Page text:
Secretary of State John Kerry, who has described Moscow's military intervention in the Crimea an "incredible act of aggression," will travel to Ukraine's capital on Tuesday to meet with the country's embattled government.
U.S. State Department spokesperson Jen Psaki said in a statement late Sunday that Kerry "will meet with senior representatives of Ukraine's new government, leaders of the Rada [Ukraine's parliament], and members of the civil society."
Young people look at pro-Russian armed men blocking access to the Ukrainian frontier guard base in Balaklava, a small city not far from Sevastopol, on Saturday.
Credit Viktor Drachev / AFP/Getty Images
Armed men take up positions around the regional parliament building in the Crimean city of Simferopol on Saturday. Ukraine's defense minister said on Saturday Russia had "recently" brought 6,000 additional personnel into Ukraine.
Russia's parliament has unanimously approved a request by President Vladimir Putin to authorize the intervention of Moscow's forces in Ukraine until "the normalization of the political situation" there. In response, Ukraine put its own forces on alert and warned that a Russian invasion would spark war between the two countries.
Allan Houser would have been 100 years old this year, and in recognition of this centennial, museums and institutions across Oklahoma are celebrating his work.
Jackson Rushing, the Eugene B. Adkins Presidential Professor of Art History at the University of Oklahoma, describes Houser as a “a distinguished painter and sculptor and draftsman, a Chiricahua Apache modern artist who many people would agree was one of the founding fathers of Native American modernism at mid-century.”
A nine-member committee that oversees the long-term management of state buildings is urging the Legislature to support a bond issue of up to $160 million to repair the state Capitol.
The Long-Range Capitol Planning Commission voted Thursday to send a letter to lawmakers urging support of the bond issue.
The Senate already has passed a bill authorizing up to $160 million in bonds to pay for an overhaul of the nearly 100-year-old building. That measure is pending in the House, where conservatives have rejected the idea of borrowing money.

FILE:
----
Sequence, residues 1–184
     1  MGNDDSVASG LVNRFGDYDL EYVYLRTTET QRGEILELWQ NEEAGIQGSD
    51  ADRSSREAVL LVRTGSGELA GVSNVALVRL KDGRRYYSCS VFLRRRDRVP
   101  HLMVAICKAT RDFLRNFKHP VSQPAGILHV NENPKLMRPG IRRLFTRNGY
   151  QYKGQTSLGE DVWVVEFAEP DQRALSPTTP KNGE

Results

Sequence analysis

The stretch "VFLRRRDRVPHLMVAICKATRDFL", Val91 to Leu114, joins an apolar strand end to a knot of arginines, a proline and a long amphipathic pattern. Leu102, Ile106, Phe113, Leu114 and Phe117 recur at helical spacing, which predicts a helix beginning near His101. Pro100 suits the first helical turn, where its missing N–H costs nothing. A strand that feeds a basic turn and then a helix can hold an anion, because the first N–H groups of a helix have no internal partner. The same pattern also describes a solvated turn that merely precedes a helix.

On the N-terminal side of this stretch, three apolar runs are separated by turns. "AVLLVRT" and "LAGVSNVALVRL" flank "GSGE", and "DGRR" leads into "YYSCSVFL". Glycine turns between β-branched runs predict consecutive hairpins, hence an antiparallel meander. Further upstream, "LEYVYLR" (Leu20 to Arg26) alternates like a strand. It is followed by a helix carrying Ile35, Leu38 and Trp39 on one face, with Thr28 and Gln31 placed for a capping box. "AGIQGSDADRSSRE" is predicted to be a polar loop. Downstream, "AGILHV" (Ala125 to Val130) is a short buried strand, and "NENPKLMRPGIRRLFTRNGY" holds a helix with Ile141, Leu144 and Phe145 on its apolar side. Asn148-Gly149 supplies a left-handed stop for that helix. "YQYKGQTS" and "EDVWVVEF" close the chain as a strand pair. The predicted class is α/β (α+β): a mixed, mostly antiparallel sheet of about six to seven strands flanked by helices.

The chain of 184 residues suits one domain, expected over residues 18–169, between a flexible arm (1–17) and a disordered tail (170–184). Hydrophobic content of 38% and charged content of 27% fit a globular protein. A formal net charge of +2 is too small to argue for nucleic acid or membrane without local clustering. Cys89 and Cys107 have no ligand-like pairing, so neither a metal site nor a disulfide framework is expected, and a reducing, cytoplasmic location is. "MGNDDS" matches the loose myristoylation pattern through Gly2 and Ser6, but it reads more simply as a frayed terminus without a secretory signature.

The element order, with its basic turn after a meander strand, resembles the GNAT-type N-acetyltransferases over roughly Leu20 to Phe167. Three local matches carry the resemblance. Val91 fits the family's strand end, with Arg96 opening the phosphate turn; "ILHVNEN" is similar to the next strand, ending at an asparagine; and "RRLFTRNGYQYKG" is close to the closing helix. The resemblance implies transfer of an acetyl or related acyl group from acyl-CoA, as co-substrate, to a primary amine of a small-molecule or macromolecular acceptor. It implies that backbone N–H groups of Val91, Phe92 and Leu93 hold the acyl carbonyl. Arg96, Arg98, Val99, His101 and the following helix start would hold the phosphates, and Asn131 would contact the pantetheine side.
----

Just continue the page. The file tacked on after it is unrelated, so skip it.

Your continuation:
The 86th annual Academy Awards will be handed out Sunday evening, and this year a record 75 countries entered the category of Best Foreign Language Film. Suzette Grillot and Rebecca Cruise discuss each of the five films submitted by directors from Europe, Southeast Asia, and the Middle East.
A death row inmate set for execution next month is refusing to leave his prison cell to attend his clemency hearing before the Oklahoma Pardon and Parole Board.
Clayton Lockett was slated to appear via video hookup before the board on Friday to ask for clemency.
But officials say Lockett refused to leave his cell, so his lawyer asked the board to commute Lockett's death sentence. Lockett is scheduled to be put to death March 20 for the 1999 death of 19-year-old Stephanie Nieman near Tonkawa.
The increasingly successful movement to eliminate GMO crops from food is turning out to be organic's false friend.
Credit Robyn Beck / AFP/Getty Images
Non-GMO crops are basically grown using conventional farming techniques. Organic farming is a whole different, more expensive ballgame. But some organic farmers worry the non-GMO label blurs those lines.
Originally published on Tue March 4, 2014 10:29 am
It's easy to think of "organic" and "non-GMO" as the best buddies of food. They sit comfortably beside each other in the same grocery stores — most prominently, in Whole Foods Market. Culturally, they also seem to occupy the same space. Both reject aspects of mainstream industrial agriculture.
In fact, the increasingly successful movement to eliminate genetically modified crops — GMOs — from food is turning out to be organic's false friend. The non-GMO label has become a cheaper alternative to organic.
Originally published on Fri February 28, 2014 4:54 pm
The Clinton Presidential Library released about 5,000 pages of previously withheld documents on Friday.
The documents date back to the administration of former President Bill Clinton and include communications about a wide array of issues including the administration response to Rwanda and its health care overhaul initiative, as well as communications from the first lady's office.